While I didn’t know Jessica beforehand, I was very familiar with her workplace, the San Francisco Museum of Modern Art. Over the years I’ve worked with SFMoMA on various projects, so I was already familiar with the commitment and dedication of the people who work there.
I wanted to approach the photo in a photojournalistic way, rather than staging it as a portrait. I asked Jessica to roam through the galleries with a coworker. I gave as little direction as possible; I wanted her to just engage with the art and forget about the camera.
JESSICA, MUSEUM ADMINISTRATOR
2012, © Winni Wintermeyer
I’ve always been curious about understanding different points of view. One of the greatest things about being a freelance photographer is getting access to different places and people. When I was asked to contribute to Showing, I was excited—pregnancy is a subject I hadn’t dealt with before.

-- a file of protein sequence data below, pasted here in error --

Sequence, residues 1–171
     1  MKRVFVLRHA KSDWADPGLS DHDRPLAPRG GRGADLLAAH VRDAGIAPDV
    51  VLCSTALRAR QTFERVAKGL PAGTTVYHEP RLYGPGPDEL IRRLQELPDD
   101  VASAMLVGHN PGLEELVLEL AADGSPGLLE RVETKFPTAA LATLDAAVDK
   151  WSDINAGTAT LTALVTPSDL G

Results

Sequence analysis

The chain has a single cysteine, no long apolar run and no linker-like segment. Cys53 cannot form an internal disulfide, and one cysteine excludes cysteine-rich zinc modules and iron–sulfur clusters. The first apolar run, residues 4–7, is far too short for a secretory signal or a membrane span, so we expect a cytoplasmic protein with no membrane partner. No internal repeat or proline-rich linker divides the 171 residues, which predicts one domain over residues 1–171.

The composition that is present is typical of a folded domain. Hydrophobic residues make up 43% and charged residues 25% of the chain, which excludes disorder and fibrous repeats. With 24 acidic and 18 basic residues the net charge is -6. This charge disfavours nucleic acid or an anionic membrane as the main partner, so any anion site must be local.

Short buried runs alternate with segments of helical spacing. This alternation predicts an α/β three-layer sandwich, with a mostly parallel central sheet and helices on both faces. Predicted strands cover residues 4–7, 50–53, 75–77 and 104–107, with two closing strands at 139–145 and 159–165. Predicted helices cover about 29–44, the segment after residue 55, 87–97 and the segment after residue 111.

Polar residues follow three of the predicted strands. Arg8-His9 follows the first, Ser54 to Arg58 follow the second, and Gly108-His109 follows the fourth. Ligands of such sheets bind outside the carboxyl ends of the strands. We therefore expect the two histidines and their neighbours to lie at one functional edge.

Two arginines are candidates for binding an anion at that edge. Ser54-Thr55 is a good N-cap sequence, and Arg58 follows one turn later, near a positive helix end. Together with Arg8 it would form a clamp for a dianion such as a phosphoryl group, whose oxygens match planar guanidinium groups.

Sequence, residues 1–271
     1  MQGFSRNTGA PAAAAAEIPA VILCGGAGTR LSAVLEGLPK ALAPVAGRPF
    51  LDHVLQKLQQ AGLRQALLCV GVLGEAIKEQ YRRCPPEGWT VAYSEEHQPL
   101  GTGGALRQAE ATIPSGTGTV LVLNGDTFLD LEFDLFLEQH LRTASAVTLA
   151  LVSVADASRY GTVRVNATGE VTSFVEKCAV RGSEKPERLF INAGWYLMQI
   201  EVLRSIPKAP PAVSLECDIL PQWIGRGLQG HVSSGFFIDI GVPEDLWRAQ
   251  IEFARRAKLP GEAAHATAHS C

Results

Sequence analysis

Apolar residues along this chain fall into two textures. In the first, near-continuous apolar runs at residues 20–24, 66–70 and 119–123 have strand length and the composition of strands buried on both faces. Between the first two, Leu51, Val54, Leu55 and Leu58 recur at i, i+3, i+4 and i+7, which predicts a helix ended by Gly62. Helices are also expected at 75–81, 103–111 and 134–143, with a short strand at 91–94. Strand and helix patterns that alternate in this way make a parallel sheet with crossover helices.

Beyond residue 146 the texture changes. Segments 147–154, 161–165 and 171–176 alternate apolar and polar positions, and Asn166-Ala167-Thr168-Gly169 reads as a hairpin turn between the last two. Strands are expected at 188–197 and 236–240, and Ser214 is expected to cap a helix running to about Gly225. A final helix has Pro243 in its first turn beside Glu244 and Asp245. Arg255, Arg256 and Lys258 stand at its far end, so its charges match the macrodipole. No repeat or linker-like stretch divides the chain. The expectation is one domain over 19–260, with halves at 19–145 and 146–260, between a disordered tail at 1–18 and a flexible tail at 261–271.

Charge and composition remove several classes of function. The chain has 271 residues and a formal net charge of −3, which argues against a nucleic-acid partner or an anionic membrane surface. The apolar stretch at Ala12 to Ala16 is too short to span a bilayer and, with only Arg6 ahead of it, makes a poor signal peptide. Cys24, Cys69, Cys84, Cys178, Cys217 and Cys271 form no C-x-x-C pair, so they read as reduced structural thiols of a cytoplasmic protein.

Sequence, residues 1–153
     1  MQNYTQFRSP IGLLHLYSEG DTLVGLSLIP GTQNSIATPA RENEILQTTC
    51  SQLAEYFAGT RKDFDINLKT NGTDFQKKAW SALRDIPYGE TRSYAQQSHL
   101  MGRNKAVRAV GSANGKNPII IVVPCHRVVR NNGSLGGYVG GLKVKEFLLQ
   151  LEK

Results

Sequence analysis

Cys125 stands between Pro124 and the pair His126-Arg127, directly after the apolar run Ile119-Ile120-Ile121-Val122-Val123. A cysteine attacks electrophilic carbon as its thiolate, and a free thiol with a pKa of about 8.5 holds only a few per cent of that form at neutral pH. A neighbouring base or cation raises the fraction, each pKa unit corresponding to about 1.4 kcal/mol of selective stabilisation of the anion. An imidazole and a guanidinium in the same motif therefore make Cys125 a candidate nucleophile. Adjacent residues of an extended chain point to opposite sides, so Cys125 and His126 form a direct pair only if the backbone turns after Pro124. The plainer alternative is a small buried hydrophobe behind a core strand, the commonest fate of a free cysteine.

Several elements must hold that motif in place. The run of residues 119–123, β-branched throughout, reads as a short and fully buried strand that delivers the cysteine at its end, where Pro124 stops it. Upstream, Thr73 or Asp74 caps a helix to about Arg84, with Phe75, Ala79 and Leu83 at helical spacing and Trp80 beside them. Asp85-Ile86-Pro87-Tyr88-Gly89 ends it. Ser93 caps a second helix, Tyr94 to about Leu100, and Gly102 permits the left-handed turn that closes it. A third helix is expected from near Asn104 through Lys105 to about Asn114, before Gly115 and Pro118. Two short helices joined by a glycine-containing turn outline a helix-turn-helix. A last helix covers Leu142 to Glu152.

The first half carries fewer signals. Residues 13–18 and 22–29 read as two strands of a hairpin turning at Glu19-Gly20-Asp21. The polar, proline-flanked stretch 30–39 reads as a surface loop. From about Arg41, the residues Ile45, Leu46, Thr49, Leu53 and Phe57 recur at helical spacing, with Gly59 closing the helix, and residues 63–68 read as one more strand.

Much of my personal work deals with the intersection of man-made and natural environments. In my editorial work—mostly portraiture—I had worked on a few stories involving families, but nothing specific to pregnancy. I try to pay attention to things that are usually overlooked, arranging small details into storylines.
While there’s been a good deal of discussion lately about the difficulties women face in the workplace, pregnancy hasn’t been talked about as much. Having grown up in Germany, I was used to the kinds of strong labor laws that protect women during their pregnancy and after childbirth. There’s a lot more to be done in this country—financial support so women can take time off from work while pregnant, paid maternity leave. Participating in Showing made me a lot more aware of the hardships that pregnant women face while working.